1. The "old standard" would be: Look into the OS2.INI for PM_SystemFonts/DefaultFont. If an entry exists there, use it, or otherwise go for 10.System Proportional. On a fresh installation (from OS/2 2.0 up to eCS 1.2, AFAIK), this INI setting is not defined, so 10.System Proportional would be used in that case. This is how OS/2 programs do it currently, and it would somehow make sense to also follow that strategy. This is what I originally advocated.
  1. Look for the PM_SystemFonts/WindowText setting in the OS2.INI. I am not 100% certain, but I have the impression that this INI setting is set to 9.WarpSans? by default since some time (Warp 3? Warp 4? eCS something?). It also looks like some "more recent" applications look into that settings on their own and use that font because it looks "nicer" on modern screens with current resolutions. From that point of view it would thus make sense to use it in Qt as well per default. This is what Dmitry preferred from the beginning.

In the meantime I am now also tending to the second solution, mainly because I found another good argument for it. "Old style" dialogs of OS/2 programs are internally scaled using "dialog units" that have to be converted to pixels at runtime by the PM automatically. For that purpose it looks like it makes use of the DefaultFont? setting, so if you change that, all dialogs will be resized as well. This is the only way how the old style static dialogs could be adapted to other screen resolutions etc.! But the problem is that many dialogs are not any more 100% correct with any other font than with 10.System Proportional: The scaling factor is global, but not all strings are really "mean size", so some will be cut with another font. Furthermore, some programmers did some own drawing with bitmaps etc. within the dialogs, not really taking into account the dialog resizing mechanism of the PM.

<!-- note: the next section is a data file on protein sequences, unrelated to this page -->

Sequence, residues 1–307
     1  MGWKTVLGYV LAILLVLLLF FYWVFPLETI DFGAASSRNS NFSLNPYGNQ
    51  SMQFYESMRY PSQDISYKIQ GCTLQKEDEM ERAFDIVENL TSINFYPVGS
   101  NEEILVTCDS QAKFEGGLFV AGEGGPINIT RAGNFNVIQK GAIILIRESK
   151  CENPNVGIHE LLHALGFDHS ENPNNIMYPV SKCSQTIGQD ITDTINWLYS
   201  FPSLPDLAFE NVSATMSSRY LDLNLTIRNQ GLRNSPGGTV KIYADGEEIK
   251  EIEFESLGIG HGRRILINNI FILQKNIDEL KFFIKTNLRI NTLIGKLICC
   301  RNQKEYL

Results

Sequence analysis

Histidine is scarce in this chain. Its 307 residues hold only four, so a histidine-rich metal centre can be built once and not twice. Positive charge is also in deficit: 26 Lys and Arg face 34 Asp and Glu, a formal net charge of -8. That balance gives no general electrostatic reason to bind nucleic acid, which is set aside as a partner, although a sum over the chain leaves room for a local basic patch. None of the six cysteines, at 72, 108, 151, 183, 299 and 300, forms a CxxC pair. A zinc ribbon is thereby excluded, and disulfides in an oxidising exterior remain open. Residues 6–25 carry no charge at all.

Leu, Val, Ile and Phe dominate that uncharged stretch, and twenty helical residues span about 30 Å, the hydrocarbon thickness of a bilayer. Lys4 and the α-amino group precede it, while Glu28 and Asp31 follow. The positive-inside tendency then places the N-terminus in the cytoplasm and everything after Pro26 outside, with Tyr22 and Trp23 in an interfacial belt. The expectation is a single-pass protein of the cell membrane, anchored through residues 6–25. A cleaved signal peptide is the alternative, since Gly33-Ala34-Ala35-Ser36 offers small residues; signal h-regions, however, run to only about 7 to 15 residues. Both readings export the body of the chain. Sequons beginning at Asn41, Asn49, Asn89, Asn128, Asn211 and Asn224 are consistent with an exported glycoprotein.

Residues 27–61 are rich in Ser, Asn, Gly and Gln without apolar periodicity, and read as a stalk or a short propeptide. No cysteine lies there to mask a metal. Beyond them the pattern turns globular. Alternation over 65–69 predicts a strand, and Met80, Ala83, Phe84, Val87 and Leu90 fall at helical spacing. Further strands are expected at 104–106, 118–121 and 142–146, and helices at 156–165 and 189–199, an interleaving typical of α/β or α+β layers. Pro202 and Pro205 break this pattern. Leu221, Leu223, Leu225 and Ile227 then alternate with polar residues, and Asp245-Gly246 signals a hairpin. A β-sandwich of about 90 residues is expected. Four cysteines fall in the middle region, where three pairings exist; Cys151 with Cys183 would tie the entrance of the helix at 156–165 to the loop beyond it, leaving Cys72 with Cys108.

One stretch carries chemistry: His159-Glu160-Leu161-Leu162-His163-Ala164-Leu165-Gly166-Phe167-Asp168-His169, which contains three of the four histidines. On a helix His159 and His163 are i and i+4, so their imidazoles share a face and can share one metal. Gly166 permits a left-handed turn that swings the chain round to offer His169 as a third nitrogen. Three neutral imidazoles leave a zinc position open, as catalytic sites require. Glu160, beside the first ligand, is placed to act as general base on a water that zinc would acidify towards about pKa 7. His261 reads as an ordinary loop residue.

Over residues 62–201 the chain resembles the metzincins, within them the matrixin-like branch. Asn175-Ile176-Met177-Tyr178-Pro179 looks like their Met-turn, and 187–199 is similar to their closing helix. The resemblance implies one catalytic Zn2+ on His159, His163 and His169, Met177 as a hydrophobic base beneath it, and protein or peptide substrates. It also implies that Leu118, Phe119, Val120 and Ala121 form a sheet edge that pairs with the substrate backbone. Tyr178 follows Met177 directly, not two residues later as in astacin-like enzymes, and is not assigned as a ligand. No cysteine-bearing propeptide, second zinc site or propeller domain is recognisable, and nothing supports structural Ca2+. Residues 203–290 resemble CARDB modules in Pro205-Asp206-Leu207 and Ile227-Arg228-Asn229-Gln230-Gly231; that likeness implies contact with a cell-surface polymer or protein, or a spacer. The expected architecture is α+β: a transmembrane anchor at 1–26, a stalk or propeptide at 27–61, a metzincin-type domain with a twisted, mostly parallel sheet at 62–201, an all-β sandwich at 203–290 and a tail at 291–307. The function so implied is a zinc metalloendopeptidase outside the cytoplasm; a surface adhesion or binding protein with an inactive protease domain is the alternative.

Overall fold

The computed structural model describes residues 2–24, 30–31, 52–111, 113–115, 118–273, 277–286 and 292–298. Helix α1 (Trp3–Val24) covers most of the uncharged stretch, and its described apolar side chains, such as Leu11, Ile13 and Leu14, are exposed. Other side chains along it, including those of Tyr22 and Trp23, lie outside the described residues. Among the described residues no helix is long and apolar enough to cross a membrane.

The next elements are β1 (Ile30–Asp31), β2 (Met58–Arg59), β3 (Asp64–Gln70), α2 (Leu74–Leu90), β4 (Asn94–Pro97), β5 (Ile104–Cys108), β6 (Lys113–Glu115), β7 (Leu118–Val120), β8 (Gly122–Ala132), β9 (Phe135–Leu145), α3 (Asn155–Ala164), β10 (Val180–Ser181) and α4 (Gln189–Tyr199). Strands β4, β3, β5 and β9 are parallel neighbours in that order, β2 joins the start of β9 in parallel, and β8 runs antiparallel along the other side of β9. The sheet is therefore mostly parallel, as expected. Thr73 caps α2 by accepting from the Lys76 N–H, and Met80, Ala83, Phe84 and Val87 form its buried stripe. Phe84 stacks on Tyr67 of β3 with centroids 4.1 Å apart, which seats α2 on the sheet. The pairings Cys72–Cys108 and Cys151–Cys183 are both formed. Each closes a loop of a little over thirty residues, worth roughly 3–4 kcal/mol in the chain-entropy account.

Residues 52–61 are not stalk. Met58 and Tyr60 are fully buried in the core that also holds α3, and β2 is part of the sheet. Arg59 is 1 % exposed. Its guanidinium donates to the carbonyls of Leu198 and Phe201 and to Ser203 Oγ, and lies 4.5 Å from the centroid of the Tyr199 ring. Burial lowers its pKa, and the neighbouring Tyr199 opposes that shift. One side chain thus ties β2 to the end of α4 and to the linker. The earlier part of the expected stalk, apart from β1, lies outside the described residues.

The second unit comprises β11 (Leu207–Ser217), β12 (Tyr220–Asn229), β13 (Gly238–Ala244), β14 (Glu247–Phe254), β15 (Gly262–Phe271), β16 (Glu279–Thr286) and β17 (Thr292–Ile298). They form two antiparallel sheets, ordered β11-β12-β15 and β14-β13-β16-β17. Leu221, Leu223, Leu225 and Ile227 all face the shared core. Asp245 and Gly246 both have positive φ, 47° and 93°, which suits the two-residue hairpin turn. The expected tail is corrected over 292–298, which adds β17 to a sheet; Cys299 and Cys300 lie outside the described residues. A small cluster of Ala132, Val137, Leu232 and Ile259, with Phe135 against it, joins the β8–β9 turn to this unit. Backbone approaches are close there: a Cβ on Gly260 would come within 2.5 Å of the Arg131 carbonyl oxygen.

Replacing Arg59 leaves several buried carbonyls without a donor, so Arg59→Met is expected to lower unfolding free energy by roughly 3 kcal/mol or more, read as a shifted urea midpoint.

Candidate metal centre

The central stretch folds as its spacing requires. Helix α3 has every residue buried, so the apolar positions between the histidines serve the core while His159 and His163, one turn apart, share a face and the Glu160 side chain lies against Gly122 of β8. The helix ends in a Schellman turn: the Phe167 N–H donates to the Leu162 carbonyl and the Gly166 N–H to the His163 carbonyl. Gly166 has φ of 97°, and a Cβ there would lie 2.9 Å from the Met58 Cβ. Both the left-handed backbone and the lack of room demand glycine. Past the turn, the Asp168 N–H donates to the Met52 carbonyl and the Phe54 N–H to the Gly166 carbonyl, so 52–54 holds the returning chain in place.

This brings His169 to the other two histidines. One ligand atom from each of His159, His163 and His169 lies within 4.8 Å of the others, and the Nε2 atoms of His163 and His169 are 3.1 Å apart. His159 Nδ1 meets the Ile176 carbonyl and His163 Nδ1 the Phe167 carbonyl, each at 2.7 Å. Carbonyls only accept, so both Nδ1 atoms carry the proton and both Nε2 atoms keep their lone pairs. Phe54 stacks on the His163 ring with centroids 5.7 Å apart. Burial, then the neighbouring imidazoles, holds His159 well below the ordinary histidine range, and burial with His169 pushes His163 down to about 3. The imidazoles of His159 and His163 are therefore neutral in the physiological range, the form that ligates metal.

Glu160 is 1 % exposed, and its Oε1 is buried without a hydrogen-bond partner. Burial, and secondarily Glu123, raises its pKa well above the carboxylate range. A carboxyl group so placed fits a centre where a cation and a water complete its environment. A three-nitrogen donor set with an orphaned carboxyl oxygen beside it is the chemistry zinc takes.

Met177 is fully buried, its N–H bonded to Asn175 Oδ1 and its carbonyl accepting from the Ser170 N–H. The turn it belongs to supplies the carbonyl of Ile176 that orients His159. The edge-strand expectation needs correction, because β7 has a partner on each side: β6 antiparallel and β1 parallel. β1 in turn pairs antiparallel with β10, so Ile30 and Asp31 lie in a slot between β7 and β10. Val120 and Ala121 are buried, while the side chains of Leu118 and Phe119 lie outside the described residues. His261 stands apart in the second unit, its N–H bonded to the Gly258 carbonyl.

Bottom line: It can be advantageous for "older" (but indeed also quite recent!) programs NOT to change the DefaultFont? setting! And many OS/2 users may not even know about that possibility.

OTOH, there is that "new" WindowText? setting that has no effect on "dialog unit" calculations (on which Qt dialogs and windows do not rely) and is set to a more "modern" font by default.

This latter reasoning made me finally switch to the opinion of Dmitry, but please tell us if there are other, maybe even better arguments in this case!

comment:4 in reply to: ↑ 3 Changed 10 years ago by dmik

Thanks for joining the project, Cornelis!

Replying to guest:

  1. Look for the PM_SystemFonts/WindowText setting in the OS2.INI. I am not 100% certain, but I have the impression that this INI setting is set to 9.WarpSans by default since some time (Warp 3? Warp 4? eCS something?). It also looks like some "more recent" applications look into that settings on their own and use that font because it looks "nicer" on modern screens with current resolutions.

Just a small clarification. The entire WPS and most system-provided PM programs in Warp 4 and eCS use 9.WarpSans, not some of them, so we should definitely respect that (besides my personal sympathy :).

The default value of PM_SystemFonts/WindowText (and all other like MenuText etc) is 9.WarpSans on those systems but the weird thing is that these keys are not always used by the system to determine window fonts. For example, if you change PM_SystemFonts/WindowText to something different, only a half pages in the e.g. Desktop Properties notebook will actually use it, the rest will continue to use the (hard-coded) 9.WarpSans... Well, we know how well IBM can surprise. Of course, in case of hard-coded fonts, even PM_SystemFonts/DefaultFont doesn't change anything.

I can also confirm that dialog units always depend on metrics of the PM_SystemFonts/DefaultFont, even if another font is actually used assigned to the control. This makes this concept of dialog units totally useless because setting PM_SystemFonts/DefaultFont to anything else but 10.System Proportional will break those WPS dialogs where WarpSans is hard-coded and control sizes (in 10.System Proportional-based units) are set to fit it. It means that we cannot freely change PM_SystemFonts/DefaultFont or mean to change it (i.e. what you already said).